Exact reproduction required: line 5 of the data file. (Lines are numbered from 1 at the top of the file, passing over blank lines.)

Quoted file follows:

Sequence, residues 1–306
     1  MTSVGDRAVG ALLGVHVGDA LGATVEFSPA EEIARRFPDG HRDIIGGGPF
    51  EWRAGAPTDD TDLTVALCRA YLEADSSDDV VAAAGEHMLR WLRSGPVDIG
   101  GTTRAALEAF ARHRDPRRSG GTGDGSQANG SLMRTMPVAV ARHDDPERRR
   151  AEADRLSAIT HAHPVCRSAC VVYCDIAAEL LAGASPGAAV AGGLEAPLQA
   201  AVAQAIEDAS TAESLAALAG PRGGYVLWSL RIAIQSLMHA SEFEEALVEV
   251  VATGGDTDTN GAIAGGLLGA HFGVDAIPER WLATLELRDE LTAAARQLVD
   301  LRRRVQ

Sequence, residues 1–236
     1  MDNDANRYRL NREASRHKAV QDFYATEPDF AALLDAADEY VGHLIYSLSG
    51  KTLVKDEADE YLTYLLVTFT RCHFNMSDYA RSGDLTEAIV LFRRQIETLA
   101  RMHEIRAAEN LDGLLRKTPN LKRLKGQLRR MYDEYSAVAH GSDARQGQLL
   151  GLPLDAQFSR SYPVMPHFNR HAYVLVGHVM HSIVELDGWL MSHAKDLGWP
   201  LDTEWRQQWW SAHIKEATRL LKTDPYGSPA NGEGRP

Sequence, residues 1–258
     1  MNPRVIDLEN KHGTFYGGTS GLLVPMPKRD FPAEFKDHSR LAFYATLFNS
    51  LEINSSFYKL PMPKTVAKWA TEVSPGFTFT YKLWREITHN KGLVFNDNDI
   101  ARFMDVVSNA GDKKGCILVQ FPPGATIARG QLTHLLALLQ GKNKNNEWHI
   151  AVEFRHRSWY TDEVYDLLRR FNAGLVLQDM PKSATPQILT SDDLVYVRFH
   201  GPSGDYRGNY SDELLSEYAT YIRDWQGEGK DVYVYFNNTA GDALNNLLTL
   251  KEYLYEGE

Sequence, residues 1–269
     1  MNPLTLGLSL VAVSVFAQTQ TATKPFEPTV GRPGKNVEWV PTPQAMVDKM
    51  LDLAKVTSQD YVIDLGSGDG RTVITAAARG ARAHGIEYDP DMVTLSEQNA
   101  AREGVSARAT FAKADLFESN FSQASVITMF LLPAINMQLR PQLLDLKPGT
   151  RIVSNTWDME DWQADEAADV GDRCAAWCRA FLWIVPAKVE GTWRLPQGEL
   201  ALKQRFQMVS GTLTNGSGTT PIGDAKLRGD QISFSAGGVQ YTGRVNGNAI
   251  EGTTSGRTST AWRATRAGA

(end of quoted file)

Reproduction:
   151  AEADRLSAIT HAHPVCRSAC VVYCDIAAEL LAGASPGAAV AGGLEAPLQA